Enriching the Quality of Life through Healthcare
January 30, 2014
By Stephanie Thara
As the new year begins, goals of eating better and living a healthier lifestyle are filling the resolution pipeline. CSU students and staff are dedicated to helping keep people on the wellness track and promoting the importance of good health and a balanced diet.
The CSU graduates more than 25,000 health professionals every year, awarding degrees ranging from physical therapy and nursing to exercise science and nutrition. Housing 19 schools of nursing, 14 schools of social work, 14 schools for allied health professionals and nine schools of healthcare management, the CSU is one of the largest producers of healthcare graduates in California.
With nearly 400 healthcare-related degree programs and concentrations, students are able to take a variety of courses that teach them how to apply essential health concepts into the community. Jessie Arnold and Andrea Nunez-Smith, two nutrition majors at San Diego State, are inspiring students to stay healthy while living in residence halls. Using Instagram—an image-based social media platform—Arnold and Nunez-Smith posts workout plans, meal ideas and “fitspiration” to help college students achieve their fitness goals.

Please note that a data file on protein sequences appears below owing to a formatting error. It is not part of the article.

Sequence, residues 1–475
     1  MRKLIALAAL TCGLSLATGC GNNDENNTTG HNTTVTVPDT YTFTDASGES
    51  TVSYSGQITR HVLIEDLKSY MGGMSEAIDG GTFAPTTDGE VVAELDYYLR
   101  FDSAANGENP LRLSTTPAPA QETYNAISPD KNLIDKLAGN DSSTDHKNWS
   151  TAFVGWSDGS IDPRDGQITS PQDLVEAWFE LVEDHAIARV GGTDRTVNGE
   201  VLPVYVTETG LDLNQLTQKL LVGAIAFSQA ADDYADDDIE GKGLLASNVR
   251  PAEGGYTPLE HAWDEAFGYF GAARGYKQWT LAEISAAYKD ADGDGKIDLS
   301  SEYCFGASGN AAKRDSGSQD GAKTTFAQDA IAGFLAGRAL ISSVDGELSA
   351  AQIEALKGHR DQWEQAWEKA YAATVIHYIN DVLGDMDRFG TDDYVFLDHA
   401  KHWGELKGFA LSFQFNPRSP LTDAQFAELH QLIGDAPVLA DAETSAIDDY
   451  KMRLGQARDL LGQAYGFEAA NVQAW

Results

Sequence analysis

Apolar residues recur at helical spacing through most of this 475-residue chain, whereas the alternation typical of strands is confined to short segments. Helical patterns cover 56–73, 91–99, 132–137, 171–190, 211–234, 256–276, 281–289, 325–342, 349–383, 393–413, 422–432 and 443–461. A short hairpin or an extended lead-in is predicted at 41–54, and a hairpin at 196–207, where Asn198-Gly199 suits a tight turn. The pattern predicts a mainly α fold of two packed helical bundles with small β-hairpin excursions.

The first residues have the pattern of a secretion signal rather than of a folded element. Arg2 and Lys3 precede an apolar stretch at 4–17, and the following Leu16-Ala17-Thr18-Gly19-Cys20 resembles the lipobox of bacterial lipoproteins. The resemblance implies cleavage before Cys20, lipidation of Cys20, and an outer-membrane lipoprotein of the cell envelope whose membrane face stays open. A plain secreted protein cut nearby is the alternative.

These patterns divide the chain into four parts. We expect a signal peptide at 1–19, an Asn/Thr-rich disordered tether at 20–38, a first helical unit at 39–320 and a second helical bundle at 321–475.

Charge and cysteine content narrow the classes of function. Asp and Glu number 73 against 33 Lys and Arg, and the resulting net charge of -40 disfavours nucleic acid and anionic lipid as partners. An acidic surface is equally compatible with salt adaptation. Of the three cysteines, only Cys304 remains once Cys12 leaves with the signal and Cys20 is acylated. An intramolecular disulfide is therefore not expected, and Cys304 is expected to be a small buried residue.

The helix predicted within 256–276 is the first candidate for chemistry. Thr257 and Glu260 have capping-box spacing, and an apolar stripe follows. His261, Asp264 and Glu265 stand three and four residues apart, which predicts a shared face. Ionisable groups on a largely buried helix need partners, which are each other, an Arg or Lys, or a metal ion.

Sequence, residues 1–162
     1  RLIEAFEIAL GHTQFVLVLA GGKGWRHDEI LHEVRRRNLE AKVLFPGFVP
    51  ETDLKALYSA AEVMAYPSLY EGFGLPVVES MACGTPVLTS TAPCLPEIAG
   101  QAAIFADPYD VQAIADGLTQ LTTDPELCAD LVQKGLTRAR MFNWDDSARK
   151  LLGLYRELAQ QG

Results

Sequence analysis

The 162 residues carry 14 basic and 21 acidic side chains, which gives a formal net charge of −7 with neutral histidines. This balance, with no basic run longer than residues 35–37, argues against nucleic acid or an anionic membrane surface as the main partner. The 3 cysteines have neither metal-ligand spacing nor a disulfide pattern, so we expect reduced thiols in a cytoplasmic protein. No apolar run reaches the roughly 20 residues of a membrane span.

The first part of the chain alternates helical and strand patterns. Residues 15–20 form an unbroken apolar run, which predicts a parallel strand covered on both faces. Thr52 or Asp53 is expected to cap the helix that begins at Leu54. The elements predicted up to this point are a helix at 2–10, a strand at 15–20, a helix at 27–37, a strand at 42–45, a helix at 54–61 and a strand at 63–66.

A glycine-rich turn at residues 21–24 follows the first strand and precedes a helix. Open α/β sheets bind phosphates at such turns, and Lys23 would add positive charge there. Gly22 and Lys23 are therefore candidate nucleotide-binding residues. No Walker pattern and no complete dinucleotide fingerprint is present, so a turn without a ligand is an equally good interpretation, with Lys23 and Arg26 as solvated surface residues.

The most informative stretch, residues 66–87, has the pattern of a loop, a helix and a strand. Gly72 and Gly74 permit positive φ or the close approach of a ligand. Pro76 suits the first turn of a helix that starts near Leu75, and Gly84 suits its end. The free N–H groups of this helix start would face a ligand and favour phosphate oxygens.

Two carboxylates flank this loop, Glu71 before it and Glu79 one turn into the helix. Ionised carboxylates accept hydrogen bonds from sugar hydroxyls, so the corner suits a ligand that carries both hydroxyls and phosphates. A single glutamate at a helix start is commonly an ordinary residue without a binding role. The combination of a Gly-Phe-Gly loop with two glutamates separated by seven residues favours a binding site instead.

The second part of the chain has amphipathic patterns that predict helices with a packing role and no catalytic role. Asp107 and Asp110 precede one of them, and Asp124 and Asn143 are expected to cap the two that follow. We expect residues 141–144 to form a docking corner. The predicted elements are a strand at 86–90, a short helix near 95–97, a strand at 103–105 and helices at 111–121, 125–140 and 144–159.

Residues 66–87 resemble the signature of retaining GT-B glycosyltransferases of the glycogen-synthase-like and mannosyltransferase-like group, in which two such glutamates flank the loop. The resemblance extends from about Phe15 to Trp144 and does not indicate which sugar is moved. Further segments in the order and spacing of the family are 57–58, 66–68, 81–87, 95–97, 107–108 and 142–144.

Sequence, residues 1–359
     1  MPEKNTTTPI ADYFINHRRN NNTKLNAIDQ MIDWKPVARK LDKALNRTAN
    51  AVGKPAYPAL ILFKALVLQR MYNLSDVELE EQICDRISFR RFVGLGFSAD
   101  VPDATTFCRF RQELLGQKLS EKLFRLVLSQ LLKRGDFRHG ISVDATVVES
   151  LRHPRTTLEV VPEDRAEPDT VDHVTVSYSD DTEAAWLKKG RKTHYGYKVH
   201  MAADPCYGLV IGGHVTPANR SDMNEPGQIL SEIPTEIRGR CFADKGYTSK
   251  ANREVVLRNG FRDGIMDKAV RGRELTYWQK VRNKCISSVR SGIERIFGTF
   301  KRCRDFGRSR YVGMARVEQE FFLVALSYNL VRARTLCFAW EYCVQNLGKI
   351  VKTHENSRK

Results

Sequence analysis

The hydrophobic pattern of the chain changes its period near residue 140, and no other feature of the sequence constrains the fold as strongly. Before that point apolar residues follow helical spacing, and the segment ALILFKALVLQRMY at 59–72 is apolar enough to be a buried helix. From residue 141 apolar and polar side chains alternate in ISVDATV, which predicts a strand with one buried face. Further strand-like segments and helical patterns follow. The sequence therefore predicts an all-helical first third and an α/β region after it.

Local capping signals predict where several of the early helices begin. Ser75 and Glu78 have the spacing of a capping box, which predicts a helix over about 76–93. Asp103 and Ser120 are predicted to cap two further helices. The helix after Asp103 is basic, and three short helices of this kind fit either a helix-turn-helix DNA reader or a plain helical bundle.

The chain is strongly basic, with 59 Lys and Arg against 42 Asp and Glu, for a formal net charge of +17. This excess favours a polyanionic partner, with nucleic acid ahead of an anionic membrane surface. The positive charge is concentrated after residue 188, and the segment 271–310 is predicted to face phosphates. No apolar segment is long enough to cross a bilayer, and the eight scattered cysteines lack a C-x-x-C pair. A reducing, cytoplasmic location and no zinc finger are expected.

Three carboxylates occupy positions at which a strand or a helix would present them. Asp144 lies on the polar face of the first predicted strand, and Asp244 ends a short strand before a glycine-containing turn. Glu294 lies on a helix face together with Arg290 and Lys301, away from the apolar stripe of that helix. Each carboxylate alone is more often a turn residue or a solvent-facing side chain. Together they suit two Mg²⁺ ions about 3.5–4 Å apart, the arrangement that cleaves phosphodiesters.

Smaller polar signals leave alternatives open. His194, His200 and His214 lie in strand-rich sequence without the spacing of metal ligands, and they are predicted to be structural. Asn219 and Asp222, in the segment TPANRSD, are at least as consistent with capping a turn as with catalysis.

At Cal Poly San Luis Obispo, nutrition students exercised the university’s “learn by doing” approach by creating a unique diet for each player on the men’s basketball team. To identify the nutrition needed for each player to perform at an optimal level, head coach Joe Callero tapped nutritionist/part-time lecturer Chris Borgard and associate food science and nutrition professor Scott Reaves to conduct a comprehensive health evaluation and develop a wellness education program for the team. Under Callero, Borgard and Reaves’ direction, nutrition students evaluated what type of foods each player was eating, their class calendars and their sleep schedules to determine what the players should eat and when they should be eating. The program was a pilot project launched last year and Coach Callero hopes to create other programs to get more students involved and create more opportunity for hands-on learning.
Last week, 13 campus teams composed of students, faculty, alumni and health care partners held more than 60 meetings in the state capitol to inform state legislative members, staff and administration officials about the impact the CSU has on the healthcare industry. CSU leaders emphasized the different ways the University is responding to the rapidly changing healthcare workforce. For example, alumni spoke about how the CSU established the CSU Institute for Palliative Care at CSU San Marcos to address the critical shortage of palliative care specialists. Additionally, healthcare students mentioned how CSU Dominguez Hills is improving the lives of wounded veterans by training students to become experts in prosthetic care through its Orthotics and Prosthetics Program.
Whether it is inspiring students to launch a fitness social media account, giving students opportunities to practice their nutrition skills or advocating to legislators about the impact of CSU health programs, the CSU and its campuses strive to prepare leaders in the healthcare workforce that are committed to enriching the quality of life of citizens.